Patriots prep for Moss's return to Gillette


By Mary Paoletti

FOXBORO -- "Gone but not forgotten" is a perfect phrase for Randy Moss.

Though traded three weeks ago, you hear about him constantly. In every pregame, Patriots coach Bill Belichick is asked how opponents will adjust to his Moss-less offense. In the postgame, he is asked if his team misses Randy or not.

It makes sense.

During his tenure with the team, "Brady to Moss" became one of the most thrilling possibilities on game day. Quarterback Tom Brady connected with the speedy, athletic wideout almost instantly and Moss went on to set the NFL single-season record for touchdown catches (23) in his first season in New England.

Moss had only 9 catches for 139 yards in four games before being traded this year, but his body of work as a Patriot was impressive: 259 passes for 3,904 yards and 50 touchdowns in three-plus years.

So, yeah, the trade of the seven-time Pro Bowler was dramatic. And, yeah, fans and reporters alike have questions.

Getting them answered in such a notoriously tight-lipped locker room, though? Toss-up.

"No, I haven't talked about Moss,'' running back Danny Woodhead said. "You're going to get pretty standard answers, you know what I mean?''

That everyone has moved on?

"Yeah, that's exactly right,'' Woodhead smiled.

Sunday's matchup with the Minnesota Vikings makes ducking Moss-talk more difficult. This week Randy Moss isn't just New England's formerly disgruntled downfield threat, he's Minnesota's current downfield threat. He will again run his routes at Gillette Stadium, but this time he's the Pats' problem -- a football, not personnel problem -- to handle.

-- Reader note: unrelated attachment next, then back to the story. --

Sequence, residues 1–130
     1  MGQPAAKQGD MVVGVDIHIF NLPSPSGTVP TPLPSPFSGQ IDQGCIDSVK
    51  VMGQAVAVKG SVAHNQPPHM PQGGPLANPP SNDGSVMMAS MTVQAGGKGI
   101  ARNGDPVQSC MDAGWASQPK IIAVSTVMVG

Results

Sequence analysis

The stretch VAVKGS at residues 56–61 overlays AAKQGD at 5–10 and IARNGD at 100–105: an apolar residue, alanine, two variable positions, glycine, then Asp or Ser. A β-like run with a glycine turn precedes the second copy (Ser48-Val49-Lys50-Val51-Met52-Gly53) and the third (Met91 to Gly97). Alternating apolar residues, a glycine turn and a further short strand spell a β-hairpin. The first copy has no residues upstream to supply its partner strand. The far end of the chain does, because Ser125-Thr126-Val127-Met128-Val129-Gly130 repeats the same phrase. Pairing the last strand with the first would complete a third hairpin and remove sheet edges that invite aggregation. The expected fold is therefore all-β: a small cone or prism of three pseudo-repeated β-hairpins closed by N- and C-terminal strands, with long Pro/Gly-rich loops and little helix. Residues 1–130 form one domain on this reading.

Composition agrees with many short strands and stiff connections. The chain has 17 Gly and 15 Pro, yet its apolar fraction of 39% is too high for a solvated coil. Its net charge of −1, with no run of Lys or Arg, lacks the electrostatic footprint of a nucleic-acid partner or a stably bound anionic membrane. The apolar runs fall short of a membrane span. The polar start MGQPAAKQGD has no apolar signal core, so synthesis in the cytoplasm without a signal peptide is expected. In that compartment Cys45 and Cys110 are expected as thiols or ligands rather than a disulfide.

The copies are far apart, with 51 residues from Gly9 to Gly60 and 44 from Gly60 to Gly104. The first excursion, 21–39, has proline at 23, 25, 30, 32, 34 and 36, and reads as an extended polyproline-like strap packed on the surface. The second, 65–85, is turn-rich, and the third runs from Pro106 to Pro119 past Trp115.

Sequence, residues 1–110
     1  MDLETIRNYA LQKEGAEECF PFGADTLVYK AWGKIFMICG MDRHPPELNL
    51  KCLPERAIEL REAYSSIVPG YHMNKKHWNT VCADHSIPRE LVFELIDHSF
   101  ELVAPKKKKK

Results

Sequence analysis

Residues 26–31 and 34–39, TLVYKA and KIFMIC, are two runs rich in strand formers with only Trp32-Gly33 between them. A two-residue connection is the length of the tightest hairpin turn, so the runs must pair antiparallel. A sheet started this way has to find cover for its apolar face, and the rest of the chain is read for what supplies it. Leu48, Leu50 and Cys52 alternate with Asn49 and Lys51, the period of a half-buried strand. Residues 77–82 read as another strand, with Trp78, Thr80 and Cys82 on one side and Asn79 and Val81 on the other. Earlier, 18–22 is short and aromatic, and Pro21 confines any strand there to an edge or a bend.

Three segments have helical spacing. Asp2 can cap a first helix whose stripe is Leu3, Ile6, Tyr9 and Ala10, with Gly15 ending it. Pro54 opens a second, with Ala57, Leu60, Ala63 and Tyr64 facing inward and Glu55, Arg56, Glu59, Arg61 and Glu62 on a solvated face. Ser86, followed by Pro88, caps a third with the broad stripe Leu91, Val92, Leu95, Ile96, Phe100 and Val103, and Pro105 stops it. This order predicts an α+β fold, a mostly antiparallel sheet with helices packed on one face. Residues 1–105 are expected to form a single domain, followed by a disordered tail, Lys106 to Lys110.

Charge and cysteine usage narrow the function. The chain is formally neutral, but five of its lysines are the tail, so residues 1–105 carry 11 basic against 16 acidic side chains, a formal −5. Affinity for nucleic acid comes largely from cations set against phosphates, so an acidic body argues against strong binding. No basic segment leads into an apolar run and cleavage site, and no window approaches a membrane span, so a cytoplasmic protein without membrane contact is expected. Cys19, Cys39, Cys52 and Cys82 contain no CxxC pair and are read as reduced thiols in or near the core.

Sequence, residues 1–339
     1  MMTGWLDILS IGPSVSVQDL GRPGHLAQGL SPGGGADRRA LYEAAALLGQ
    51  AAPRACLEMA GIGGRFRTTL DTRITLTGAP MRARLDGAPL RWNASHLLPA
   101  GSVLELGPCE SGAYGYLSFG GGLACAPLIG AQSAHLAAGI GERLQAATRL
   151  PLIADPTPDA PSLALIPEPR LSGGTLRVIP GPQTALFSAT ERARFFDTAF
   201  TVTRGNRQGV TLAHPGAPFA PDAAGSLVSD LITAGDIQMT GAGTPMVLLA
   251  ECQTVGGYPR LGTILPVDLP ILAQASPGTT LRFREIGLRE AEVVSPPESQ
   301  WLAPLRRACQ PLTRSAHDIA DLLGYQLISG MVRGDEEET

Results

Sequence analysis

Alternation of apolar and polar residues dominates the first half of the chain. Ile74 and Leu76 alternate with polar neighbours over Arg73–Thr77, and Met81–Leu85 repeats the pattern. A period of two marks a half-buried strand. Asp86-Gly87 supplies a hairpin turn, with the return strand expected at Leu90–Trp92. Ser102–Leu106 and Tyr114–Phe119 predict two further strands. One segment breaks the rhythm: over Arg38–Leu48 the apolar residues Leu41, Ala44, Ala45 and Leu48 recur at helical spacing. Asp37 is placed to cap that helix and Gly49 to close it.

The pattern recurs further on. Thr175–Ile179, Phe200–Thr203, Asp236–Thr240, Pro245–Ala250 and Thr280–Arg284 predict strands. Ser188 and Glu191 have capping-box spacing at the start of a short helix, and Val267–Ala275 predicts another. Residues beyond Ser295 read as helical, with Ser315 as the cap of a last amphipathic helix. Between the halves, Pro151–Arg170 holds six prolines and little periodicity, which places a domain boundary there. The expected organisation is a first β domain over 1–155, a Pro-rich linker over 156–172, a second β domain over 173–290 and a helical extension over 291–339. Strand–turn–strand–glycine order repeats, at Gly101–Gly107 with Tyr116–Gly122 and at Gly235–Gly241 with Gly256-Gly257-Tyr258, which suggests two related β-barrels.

So this time the guys had an opponent to address on Wednesday. Thing is, nobody stuck around. The locker room was emptier than usual.

At least Brady's media time is inescapably scheduled. He admitted the two have exchanged some text messages but if he misses Moss he didn't say.

The conversation was drawn in X's and O's.

"Moss can probably tell the Vikings the plays. He knows the signals and stuff,'' Brady said. "That's why you gotta change 'em. Hopefully he tells them one thing and then you fake it and they're guessing and maybe they guess wrong.''

Cornerback Kyle Arrington took the same businesslike tone.

"We know him well and he knows us well, so it's just going to be who goes out there and performs better technique-wise, game plan-wise . . . who's going to do the better job,'' he said.

"There are a few techniques that we're going to use to our advantage that we know in trying to stop him and I'm sure he's going to tell his guys, Brett Favre and the offensive side of the ball, the same thing about us. It should be an interesting match up."

Interesting for one reason in particular. Bill Belichick brought it up in his press conference.

"Weve worked against Moss and obviously have a good knowledge of him, but he knows a lot moreWe know one guy. He knows all of us, so I dont know if there is a big advantage there."

Good point, Bill. Minnesota certainly sees the value in its acquisition.

"I think it's been positive. He's been a positive voice around here; he's brought excitement,'' defensive end Jared Allen said. "I think he's been a positive influence in the locker room. You can see he wants to win.''

A win for Randy Moss this Sunday means a loss for the Patriots. If that happens those questions about life without 81 will carry a brand new bitterness. And it will make it that much harder to move on.

Mary Paoletti can be reached at Follow Mary on Twitter at http:twitter.comMary_Paoletti

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